More and more companies are celebrating the up-and-coming pro-aging trend, and it's refreshing to see beauty culture favoring individual agency above all else. If you want to get fillers, that's your prerogative, and if you've taken the au natural route, that's an empowered choice too.
Either way, wear your wrinkles with pride—they're proof you've survived a harsh world and evidence that you contain magnitudes. These tips aren't about hiding your age; they're about using makeup to highlight the gorgeous features you've already got, whether you're trying to slow time or fully embracing the flow of it.
If your canvas is in good shape, half the job is done. Exfoliate weekly and moisturize your face, neck, and décolletage daily. Avoid emollient moisturizers before putting on foundation, or the makeup might pill. The same effect occurs if you don't wait a bit between applying each skin product.
When you prep and prime your skin, follow hyaluronic acid with a moisturizer for best results, and put SPF on last. Don't forget about a decent body cream for your hands and feet. You may choose to use retinol to minimize fine lines and improve skin texture, but take precautions, always test an area first, and apply the product just before bed.
If you have broken capillaries or red areas on your face, or if your under eyes could compete with a panda's dark circles, color correctors are your friends. Green combats redness, and orange fights the darkness. You can also lift and brighten under the eye by forming a blended upside-down triangle, and a BB cream can help you even out your skin tone.
Our skin gets thinner as we age, and while that definitely doesn't mean we can't still glam it up, heavy foundation just looks heavier when we're a bit older. While you may be tempted to cover up more, it's often better to go easy on the foundation, especially on expression lines around your mouth and eyes.
Use concealer for dark spots and opt for a lighter foundation formula you can build on in some parts of your face.
Matte makeup can make you look caked up and creased, regardless of age. So, it might feel counterintuitive, but if you're getting your makeup done by someone new, ask for a dewy look rather than a natural one.
Some makeup artists interpret a request for natural makeup as an anti-sheen, pro-matte stance. But you want the luminous glow from one or two high-quality products to look fresh-faced with a bright complexion. Oil-based products such as balms are flattering on mature skin.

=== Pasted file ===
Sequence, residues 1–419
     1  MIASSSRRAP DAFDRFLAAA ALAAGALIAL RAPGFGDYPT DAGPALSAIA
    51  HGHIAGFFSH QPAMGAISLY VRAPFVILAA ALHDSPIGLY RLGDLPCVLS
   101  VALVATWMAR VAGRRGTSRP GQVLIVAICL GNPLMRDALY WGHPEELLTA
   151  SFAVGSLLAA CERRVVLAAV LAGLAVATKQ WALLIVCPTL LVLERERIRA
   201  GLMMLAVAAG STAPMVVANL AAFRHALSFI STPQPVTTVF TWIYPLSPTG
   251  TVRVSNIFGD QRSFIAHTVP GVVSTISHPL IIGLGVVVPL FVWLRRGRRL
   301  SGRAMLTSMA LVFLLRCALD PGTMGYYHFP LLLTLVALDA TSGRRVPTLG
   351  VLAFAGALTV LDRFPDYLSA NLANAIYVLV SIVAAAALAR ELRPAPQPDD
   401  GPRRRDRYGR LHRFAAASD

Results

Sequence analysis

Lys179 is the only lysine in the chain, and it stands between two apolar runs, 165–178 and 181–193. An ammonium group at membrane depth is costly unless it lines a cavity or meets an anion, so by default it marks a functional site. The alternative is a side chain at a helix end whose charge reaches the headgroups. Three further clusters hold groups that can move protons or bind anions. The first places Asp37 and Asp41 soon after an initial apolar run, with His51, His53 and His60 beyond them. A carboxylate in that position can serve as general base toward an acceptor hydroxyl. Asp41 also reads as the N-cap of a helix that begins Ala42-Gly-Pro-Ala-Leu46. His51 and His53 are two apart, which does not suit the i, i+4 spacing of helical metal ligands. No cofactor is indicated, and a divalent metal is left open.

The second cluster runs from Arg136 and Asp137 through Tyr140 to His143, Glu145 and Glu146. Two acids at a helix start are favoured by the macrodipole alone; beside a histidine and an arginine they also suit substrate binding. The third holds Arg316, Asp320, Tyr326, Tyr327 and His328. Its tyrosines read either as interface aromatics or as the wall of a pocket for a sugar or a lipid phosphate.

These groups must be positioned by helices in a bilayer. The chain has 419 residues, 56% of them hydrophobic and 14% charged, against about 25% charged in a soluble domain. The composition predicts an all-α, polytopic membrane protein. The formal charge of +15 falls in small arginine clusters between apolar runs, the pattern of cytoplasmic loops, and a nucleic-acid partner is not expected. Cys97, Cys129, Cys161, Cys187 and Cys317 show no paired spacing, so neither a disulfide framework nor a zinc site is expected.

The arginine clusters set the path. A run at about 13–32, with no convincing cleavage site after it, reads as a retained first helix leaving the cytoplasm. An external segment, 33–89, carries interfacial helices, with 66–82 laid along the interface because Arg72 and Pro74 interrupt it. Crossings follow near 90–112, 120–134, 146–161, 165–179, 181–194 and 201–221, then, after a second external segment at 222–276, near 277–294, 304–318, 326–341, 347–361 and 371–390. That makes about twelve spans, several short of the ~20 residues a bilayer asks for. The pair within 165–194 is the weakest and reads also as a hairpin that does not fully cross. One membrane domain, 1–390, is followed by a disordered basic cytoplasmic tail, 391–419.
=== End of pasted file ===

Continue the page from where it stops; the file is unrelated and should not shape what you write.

Firstly, try a softer brown liner instead of your usual black one and see if you like the effect. Line only the upper eyelid, and tightline by getting your liner in between each eyelash. Tightlining will make the lashes appear thicker without using mascara, and drawing the line a bit longer at the outer corners or in a wing shape will make you look less tired.
Mascara can often touch your lids and become clumpy, and like sparkly shadows, it draws attention to a part of your face that shows signs of aging. Tightlining with gel or liquid liner or a kohl pencil makes eyes look bigger, so if your iris color is one of your better features, you'll love this tip. Keep in mind that if you've got blonde eyelashes, any gaps in the pencil will be more obvious.
When you exfoliate the skin on your face, are you following up with a lip exfoliator? Chapped, dry-looking lipstick applications can age anyone fast, so if you haven't been diligent with daily lip maintenance, you'll want to prep your pout.
Apply lip balm to soften the lips and then wipe it off. Go in with concealer or foundation to get a neutral base, then shape and fill with lip liner to regain fullness. Apply lipstick, and finish with a hint of gloss if you use matte lipstick.
Are you used to using powder coverage and blush? A swap to a creamy foundation and blush can make your makeup look on point. Powders suck up moisture, which is the last thing you need when mature skin leans toward dehydrated. A cream blush can also work twice as hard as a perfectly pink or peachy lip color.
Ever wonder how stars like J Lo, Halle Berry, Sandra Bullock, Kate Beckinsale, Jennifer Aniston, and Sofia Vergara look better than ever past 50? Professional makeup artists, fitness trainers, and aesthetic doctors certainly help. But knowing how to use products like bronzer can make all the difference when glam teams aren't around.
Bronzer warms up the skin and subtly contours along the forehead, cheekbones, jawline, and sides of your nose.
It's not just young 'uns that blush. Like bronzer, a nice pop of blush at the high points of your cheekbones can add dimension and warmth to your face. And when the blush has a subtle shimmer, you'll build on the glow from your highlighting products. The goal is a natural brilliance, not a disco ball extravaganza.
Brows are the underrated performers in every makeup application. They frame the eyes and can make them look bigger. As a rule of thumb, trim your eyebrows instead of tweezing to promote fullness. A growth formula doesn't hurt, either. Use an angled brush to apply a touch of pomade, before brushing the brow hairs with a spoolie.